Report from Colombia: Do You Worry Whether This Country Is Safe?

The biggest danger in Colombia is…

Now things are getting interesting. You’ll remember that I’ve landed in Colombia to realise one of my life-time goals, and I've begun my South American adventure.

So here I am in Bogota, Capital of Colombia, city of 8+ million people. Of course, I remember watching the news from Bogota and Medellin back in the 80’s - bombings, kidnappings, massacres...but things have changed since then, right?


My first impressions of Bogota would be one word - civilised. Here's why:

  • The people are surprisingly friendly and helpful for a city of such size. I met some lovely folk, although you have to be on your toes at all times. There is always someone looking to take advantage of a rich Gringo. People are also very polite, it's part of the culture not evident on the Caribbean coast for example.

  • Usually when I live in a new city, I buy a push-bike, to get around, and in Bogota I had extra incentive. They have an amazing culture for bicycles, including an extensive cycleway, and every Sunday, they close all the main arterial routes, and open them to cyclists, skaters, walkers, families etc. How civilised is that!

  • You know you usually have an image of a place in your head before you go there, and my image of Bogota, and Colombia in general was distinctly Third world. I imagined shanty towns and mud huts, which there are - but in general, Bogota is not dissimilar to an English city for example, rows and rows of 2 or 3 story brick dwellings. Just like good old Coronation Street!

Homeless on the Street

Not me silly! I’m telling you what I saw. Of course, not everything in Bogota (and the rest of Colombia) is all “Champagne, Strawberries and Cream”.  I’d never seen so many people sleeping rough on the streets, there seemed to be someone sleeping everywhere, even traffic islands and the middle of the footpath, obviously Bogota has a poverty problem. Speaking of poverty, I saw plenty of Beggars in the streets, on the buses, everywhere you look, and of every age. Having the look of a rich Gringo, I'm a favourite...Colombian beggars have no problem (or shame) asking for money - anyone, anywhere, anytime. You get used to saying no or ignoring them, but it's hard when a woman with a dirty baby is asking, but you've got to harden up, which is a bit sad really.

At night many people seem to hang out in the streets, in front of their houses and apartments, drinking, talking, partying - Colombians are very social.

One day I went to the Flea market in central Bogota, to buy a bicycle. There were people selling all sorts of old stuff on the pavement, stuff that anyone in a 'developed' country would call rubbish. I found my bike, and with the help of a friend (I'm a rich 'Gringo' remember) it cost me $40. It survived 3 months in Bogota, and 4 months in Cartagena, a faithful friend.Violence, I never saw any, but nearly all the people I spoke to had been robbed at least once, one friend of mine had been robbed at gun-point 4 times (on the bus, in the street). I was reminded constantly, of Colombia;s violent reputation. The newspapers have a habit of showing the full blood and guts stories....I’d never seen that before, not even in “The Sun”.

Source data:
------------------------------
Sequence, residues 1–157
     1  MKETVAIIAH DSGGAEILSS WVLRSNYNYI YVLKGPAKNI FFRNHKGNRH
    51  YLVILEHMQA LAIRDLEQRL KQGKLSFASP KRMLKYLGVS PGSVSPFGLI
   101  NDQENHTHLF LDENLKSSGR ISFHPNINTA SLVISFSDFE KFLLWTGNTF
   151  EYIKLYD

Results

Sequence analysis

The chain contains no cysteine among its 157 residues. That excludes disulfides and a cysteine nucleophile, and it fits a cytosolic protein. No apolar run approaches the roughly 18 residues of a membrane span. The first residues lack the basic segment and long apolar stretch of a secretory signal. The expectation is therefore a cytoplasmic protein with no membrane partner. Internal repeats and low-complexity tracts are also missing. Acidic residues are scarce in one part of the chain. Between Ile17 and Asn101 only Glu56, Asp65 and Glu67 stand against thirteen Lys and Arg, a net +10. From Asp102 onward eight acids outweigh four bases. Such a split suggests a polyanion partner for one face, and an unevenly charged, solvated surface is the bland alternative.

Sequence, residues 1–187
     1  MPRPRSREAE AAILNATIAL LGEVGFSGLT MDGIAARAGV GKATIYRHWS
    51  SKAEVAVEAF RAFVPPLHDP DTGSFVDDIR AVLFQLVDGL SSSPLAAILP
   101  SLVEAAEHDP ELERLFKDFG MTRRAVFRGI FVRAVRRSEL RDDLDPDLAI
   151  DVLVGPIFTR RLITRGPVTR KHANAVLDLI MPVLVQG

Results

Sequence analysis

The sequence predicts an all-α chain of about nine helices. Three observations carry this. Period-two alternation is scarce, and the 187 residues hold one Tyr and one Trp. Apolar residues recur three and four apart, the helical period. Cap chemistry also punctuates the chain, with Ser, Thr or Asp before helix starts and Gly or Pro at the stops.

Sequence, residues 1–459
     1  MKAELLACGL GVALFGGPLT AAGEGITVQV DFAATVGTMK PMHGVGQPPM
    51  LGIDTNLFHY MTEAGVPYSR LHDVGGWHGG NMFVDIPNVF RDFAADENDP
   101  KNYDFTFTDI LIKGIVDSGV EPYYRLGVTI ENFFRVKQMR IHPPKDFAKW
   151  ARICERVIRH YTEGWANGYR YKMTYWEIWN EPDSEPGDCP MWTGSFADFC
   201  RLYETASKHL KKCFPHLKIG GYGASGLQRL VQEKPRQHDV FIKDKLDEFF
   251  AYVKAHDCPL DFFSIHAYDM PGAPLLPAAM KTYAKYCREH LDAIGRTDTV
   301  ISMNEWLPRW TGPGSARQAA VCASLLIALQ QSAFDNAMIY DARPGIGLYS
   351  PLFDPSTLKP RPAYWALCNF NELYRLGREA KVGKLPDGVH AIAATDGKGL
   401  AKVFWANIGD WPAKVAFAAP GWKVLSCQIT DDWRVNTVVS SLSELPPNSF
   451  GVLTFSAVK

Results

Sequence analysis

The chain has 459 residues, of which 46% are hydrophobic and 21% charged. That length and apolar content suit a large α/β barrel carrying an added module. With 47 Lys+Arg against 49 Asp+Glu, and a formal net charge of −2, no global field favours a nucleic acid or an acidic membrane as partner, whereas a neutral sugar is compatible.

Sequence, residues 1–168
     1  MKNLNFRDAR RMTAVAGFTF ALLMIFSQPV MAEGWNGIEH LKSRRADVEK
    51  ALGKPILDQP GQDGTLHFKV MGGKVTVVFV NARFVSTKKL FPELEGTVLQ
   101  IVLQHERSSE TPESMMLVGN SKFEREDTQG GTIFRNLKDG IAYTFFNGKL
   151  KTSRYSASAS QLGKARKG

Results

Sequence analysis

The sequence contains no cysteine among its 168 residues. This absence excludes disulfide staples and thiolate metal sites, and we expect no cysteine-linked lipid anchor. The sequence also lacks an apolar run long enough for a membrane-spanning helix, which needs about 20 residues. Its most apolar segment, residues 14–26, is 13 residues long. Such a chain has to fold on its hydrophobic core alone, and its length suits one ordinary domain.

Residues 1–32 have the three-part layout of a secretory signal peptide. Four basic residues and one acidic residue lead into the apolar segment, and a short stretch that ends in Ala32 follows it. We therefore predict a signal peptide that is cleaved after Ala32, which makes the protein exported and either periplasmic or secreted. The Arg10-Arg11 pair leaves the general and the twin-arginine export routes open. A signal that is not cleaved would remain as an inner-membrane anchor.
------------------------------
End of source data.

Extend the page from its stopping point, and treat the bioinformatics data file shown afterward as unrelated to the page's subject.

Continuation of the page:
One incident that did concern me was one night, I started to hear explosions around different parts of the city, I wondered what was going on?....was it a terrorist attack?....Paramilitaries?....actually, I had arrived around 20 July, which is Colombian Independence Day! They were celebrating with fireworks - Colombians love fireworks, and parties accompanied with loud music (never mind the neighbours).

Sightseeing Tips in Bogota, Colombia

Bogota has some wonderful sights, like Montserrate mountain church, the Gold Museum, the Botero Art Museum, the Zipaquira Salt mine, Simon Bolivar Park and the Botanical Gardens, to name a few. There's a ton of stuff to do in Bogota, you won't get bored that's for sure.

Colombian Love affair

No, I’m not taking about a woman (that comes later), it’s something more profound.

The day I landed at Bogota's 'El Dorado' airport, I began a love affair with Colombia that exists to this day. I found my 'El Dorado', not in material wealth, but things so much more important. I came here to learn, to grow as a person, to expand my horizons, and Colombia is giving me that, and so much more. You never know, it could do the same for you.

What image did you have of Colombia? Did I change that in any way? At least I hope I made you think.

Oh, and by the way, what’s the biggest danger in Colombia? It’s not wanting to leave!

Check in next time, we’re off to the Caribbean Coast!

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